Death toll in the US passes 2,000 in a single day
The US has become the first country in the world to record more than 2,000 coronavirus (COVID-19) deaths in a single day.
Figures from Johns Hopkins University show 2,108 people died in the past 24 hours while there are now more than half a million confirmed infections.
The US could soon surpass Italy as the country with the most coronavirus deaths worldwide.
But experts on the White House COVID-19 task force say the outbreak is starting to level off across the US.
Dr Deborah Birx said there were good signs the outbreak was stabilising but cautioned:
"As encouraging as they are, we have not reached the peak."
President Donald Trump also said he expects the US to see a lower death toll than the initial predictions of 100,000 fatalities.
What are the latest figures exactly?
The US now has at least 18,693 deaths and 500,399 confirmed cases, according to Johns Hopkins.
The information shows that about half of the deaths were recorded in the New York area.
Italy has recorded 18,849 deaths while globally more than 100,000 people have died with the virus.
Researchers had predicted the US death toll would hit its peak on Friday and then gradually start to decline, falling to around 970 people a day by 1 May - the day members of the Trump administration have floated as a possible date to start reopening the economy.
A possible levelling off soon?
According to Dr Anthony Fauci, US infectious diseases chief, he concurred that the US was "starting to see the levelling off and coming down" of cases and deaths.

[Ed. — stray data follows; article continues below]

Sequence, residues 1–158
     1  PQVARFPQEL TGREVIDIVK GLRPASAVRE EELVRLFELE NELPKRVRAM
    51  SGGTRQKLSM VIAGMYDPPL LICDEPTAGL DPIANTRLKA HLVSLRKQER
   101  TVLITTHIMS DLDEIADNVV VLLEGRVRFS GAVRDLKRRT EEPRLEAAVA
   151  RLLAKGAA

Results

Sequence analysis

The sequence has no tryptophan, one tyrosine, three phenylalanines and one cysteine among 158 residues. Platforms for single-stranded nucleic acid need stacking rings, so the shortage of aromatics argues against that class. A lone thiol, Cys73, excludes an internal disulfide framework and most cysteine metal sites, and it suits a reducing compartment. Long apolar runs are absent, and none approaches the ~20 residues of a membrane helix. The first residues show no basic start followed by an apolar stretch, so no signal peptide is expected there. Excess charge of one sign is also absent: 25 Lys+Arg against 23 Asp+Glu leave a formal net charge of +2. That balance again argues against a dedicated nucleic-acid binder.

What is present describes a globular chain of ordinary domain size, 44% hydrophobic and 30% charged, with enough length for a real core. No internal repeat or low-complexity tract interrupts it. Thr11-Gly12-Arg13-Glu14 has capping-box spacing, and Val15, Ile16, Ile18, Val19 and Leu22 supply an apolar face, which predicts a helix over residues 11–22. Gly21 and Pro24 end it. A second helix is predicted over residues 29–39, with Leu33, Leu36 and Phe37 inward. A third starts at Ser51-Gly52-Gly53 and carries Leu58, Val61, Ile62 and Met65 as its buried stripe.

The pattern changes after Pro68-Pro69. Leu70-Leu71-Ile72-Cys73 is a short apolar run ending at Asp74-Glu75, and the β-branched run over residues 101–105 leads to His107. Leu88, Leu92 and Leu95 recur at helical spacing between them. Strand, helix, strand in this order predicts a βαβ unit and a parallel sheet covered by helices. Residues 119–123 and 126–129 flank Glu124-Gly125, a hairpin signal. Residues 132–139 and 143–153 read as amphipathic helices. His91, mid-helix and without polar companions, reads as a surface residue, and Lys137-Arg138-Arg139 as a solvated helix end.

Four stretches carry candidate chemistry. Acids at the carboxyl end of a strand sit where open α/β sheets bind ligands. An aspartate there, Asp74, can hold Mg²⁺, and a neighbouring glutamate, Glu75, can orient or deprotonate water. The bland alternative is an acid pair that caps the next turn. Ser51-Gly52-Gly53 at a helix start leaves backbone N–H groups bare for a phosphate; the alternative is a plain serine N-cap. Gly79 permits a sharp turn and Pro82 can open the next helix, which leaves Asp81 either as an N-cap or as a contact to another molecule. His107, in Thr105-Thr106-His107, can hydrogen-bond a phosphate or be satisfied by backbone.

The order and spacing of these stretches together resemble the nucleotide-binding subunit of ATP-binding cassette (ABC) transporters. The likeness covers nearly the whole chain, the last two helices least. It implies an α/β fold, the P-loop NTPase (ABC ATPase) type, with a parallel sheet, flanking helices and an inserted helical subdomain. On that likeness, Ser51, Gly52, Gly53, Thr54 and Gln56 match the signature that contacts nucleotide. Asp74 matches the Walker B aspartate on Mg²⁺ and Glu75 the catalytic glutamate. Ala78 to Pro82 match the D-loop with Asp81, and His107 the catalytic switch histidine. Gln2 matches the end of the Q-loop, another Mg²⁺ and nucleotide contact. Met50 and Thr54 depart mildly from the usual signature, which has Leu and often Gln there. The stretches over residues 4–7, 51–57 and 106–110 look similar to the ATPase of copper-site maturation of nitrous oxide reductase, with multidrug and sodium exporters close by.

But he added that despite the "important advance", mitigation efforts such as social distancing should not be pulled back yet.
Dr Birx noted that the rate of increase appeared to be stabilising in hard-hit regions like New York, New Jersey and Chicago.
She added that the US mortality rate was "significantly less than many of the other countries when you correct them for our population".
But she emphasised the nation had yet to see the peak of the outbreak.
"We need to continue to do what we did yesterday, and the week before, and the week before that because that's what, in the end, is going to take us up across the peak and down the other side."
On Friday, the governor of New York said the latest data showed the state was successfully "flattening the curve".
"Even though it's a grind, even though it's difficult, we have to stay with it," Governor Andrew Cuomo said, cautioning that it was still too early to relax social distancing measures.
The danger appears to be highest for America's minority communities, which have been disproportionately affected by COVID-19.
Dr Jerome Adams, the US surgeon general, said the trend was "alarming, but not surprising" given that minorities in the US generally had more chronic health conditions such as asthma, hypertension, and diabetes.
"As a matter of fact, I have been carrying an inhaler in my pocket for 40 years out of fear of having a fatal asthma attack," Dr Adams had said.
In Friday's White House briefing, Mr Trump said he had seen the drone images of coffins being stacked in a mass grave on New York's Hart Island.
Officials there say the island, which has been used to bury people with no next of kin for over 150 years, is now burying bodies at five times the normal rate.